This pulls in the target unit as soon as at least one printer is plugged in (supporting all kinds of printer ports). All we now have to do is make sure that our CUPS service is pulled in by and we are done. By placing line in the [Install] section of the service file, a Wants dependency is created from to cups.service as soon as the latter is enabled with systemctl enable. The indirection via provides us with a simple way to use systemctl enable and systemctl disable to manage hardware activation of a service.

Path-based Activation in Detail

To ensure that CUPS is also started when there is a print job still queued in the printing spool, we write a simple cups.path that activates CUPS as soon as we find a file in /var/spool/cups.

Boot-based Activation in Detail

Well, starting services on boot is obviously the most boring and well-known way to spawn a service. This entire excercise was about making this unnecessary, but we still need to support it for explicit print server machines. Since those are probably the exception and not the common case we do not enable this kind of activation by default, but leave it to the administrator to add it in when he deems it necessary, with a simple command (ln -s /lib/systemd/system/cups.service /etc/systemd/system/ to be precise).

So, now we have covered all four kinds of activation. To finalize our patch we have a closer look at the [Install] section of cups.service, i.e. the part of the unit file that controls how systemctl enable cups.service and systemctl disable cups.service will hook the service into/unhook the service from the system. Since we don't want to start cups at boot we do not place in it like we would do for those services. Instead we just place an Also= line that makes sure that cups.path and cups.socket are automatically also enabled if the user asks to enable cups.service (they are enabled according to the [Install] sections in those unit files).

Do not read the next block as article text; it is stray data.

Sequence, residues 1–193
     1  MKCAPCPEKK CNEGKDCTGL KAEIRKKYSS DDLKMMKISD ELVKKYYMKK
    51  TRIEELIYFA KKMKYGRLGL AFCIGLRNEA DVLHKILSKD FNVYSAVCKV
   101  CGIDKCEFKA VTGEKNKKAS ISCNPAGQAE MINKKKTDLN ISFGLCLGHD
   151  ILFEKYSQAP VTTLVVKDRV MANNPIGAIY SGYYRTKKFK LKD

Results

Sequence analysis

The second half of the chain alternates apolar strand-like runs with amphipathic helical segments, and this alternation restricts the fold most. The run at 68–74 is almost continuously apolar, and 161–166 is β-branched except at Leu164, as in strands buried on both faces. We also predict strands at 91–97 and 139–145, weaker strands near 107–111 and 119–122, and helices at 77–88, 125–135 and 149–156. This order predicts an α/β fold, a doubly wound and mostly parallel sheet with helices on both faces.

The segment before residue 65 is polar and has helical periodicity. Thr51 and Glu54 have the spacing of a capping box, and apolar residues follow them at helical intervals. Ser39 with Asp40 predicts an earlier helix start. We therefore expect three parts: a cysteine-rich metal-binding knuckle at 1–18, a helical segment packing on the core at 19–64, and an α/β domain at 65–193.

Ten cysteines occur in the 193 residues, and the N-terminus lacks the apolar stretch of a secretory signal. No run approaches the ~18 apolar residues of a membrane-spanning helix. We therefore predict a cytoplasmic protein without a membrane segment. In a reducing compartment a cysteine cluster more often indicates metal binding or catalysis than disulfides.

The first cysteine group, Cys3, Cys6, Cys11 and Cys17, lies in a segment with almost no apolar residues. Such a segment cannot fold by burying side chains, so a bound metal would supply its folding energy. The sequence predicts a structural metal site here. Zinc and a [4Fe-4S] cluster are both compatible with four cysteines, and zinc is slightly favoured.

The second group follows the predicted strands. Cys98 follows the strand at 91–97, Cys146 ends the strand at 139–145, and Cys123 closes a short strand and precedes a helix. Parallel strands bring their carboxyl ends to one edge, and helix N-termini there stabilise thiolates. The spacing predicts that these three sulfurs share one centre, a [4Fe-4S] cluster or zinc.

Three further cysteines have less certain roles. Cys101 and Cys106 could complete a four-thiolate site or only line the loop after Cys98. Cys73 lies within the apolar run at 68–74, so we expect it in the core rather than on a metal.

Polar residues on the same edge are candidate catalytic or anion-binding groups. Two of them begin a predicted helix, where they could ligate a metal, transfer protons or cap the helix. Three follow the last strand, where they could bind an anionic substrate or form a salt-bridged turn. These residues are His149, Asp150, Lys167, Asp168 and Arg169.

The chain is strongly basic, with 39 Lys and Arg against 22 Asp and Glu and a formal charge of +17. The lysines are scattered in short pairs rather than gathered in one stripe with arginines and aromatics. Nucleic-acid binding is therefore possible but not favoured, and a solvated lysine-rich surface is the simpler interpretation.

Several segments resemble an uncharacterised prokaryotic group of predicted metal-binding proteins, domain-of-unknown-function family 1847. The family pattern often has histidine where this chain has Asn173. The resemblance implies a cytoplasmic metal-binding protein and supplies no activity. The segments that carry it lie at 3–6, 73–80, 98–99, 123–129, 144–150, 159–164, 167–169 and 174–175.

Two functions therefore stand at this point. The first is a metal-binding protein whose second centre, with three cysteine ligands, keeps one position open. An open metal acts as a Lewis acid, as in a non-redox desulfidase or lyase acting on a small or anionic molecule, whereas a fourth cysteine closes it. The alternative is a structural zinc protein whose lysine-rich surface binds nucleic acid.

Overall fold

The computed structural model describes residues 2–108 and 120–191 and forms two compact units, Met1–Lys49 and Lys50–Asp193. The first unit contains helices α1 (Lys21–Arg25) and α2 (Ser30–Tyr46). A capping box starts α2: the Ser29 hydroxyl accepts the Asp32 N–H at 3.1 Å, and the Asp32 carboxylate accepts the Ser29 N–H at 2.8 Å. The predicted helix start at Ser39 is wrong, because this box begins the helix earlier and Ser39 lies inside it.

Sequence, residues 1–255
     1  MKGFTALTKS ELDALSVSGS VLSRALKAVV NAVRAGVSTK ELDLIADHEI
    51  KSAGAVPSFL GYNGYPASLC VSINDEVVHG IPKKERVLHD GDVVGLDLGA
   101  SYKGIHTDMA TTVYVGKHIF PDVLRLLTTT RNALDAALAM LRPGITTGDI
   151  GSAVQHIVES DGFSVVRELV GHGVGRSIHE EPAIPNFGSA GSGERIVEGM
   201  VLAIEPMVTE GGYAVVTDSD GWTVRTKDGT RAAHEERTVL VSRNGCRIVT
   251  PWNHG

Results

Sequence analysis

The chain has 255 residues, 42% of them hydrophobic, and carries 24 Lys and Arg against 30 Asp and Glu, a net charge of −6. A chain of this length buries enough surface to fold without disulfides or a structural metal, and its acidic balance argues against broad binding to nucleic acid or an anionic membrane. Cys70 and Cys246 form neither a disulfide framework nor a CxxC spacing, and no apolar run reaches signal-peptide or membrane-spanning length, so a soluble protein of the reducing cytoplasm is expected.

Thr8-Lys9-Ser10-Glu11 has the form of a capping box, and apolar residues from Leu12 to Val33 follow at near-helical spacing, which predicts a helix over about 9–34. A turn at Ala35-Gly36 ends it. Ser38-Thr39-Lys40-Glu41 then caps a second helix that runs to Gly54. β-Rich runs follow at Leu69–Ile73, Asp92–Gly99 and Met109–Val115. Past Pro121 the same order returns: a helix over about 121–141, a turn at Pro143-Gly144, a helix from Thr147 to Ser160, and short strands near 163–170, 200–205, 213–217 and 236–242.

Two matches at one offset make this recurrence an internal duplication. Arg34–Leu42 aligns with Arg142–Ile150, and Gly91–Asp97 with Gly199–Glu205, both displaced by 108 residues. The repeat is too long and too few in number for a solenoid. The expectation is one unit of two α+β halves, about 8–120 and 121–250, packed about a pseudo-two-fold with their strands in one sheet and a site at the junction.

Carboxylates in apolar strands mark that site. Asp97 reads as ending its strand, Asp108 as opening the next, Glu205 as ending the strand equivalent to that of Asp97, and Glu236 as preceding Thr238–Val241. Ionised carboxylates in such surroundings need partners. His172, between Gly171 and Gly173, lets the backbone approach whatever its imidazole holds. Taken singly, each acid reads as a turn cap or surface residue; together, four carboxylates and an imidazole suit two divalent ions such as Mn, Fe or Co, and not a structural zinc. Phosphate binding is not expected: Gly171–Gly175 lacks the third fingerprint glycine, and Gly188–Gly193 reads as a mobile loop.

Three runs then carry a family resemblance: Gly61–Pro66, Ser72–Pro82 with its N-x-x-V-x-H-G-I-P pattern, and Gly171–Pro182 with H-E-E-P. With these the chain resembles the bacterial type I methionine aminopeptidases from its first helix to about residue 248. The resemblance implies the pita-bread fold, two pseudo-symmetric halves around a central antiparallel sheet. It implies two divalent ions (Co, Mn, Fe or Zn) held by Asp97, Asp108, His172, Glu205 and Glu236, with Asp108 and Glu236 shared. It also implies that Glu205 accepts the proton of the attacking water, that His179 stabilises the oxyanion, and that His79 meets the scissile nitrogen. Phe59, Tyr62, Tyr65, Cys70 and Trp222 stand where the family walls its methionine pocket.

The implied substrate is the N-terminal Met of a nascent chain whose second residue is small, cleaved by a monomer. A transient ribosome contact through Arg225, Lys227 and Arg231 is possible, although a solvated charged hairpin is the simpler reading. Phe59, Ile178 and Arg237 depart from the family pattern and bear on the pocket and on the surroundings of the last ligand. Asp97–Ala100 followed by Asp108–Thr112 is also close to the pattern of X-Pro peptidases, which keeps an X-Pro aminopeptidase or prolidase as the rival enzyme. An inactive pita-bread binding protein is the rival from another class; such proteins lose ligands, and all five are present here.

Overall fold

As last step we then integrate our work into the build system. In contrast to SysV init scripts systemd unit files are supposed to be distribution independent. Hence it is a good idea to include them in the upstream tarball. Unfortunately CUPS doesn't use Automake, but Autoconf with a set of handwritten Makefiles. This requires a bit more work to get our additions integrated, but is not too difficult either. And this is how our final patch looks like, after we commited our work and ran git format-patch -1 on it to generate a pretty git patch.

The next step of course is to get this patch integrated into the upstream and Fedora packages (or whatever other distribution floats your boat). To make this easy I have prepared a patch for Tim that makes the necessary packaging changes for Fedora 16, and includes the patch intended for upstream linked above. Of course, ideally the patch is merged upstream, however in the meantime we can already include it in the Fedora packages.

Note that CUPS was particularly easy to patch since it already supported launchd-style activation, patching a service that doesn't support that yet is only marginally more difficult. (Oh, and we have no plans to offer the complex launchd API as compatibility kludge on Linux. It simply doesn't translate very well, so don't even ask... ;-))

And that finishes our little blog story. I hope this quick walkthrough how to add socket activation (and the other forms of activation) to a package were interesting to you, and will help you doing the same for your own packages. If you have questions, our IRC channel #systemd on freenode and our mailing list are available, and we are always happy to help!